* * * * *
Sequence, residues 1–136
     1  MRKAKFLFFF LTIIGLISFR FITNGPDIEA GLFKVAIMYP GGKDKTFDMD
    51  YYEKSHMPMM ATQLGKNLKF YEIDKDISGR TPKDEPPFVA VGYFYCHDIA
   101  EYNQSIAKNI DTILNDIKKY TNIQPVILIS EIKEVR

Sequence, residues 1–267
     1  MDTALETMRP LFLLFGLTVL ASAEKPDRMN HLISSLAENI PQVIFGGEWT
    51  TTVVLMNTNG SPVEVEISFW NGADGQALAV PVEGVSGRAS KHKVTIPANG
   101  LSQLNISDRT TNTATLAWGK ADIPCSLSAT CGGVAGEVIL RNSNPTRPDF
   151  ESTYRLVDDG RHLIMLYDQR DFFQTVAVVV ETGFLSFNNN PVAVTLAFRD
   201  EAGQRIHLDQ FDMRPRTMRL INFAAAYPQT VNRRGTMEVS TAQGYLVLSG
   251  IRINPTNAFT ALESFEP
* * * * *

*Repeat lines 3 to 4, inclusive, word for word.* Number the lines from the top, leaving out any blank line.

    51  YYEKSHMPMM ATQLGKNLKF YEIDKDISGR TPKDEPPFVA VGYFYCHDIA
   101  EYNQSIAKNI DTILNDIKKY TNIQPVILIS EIKEVR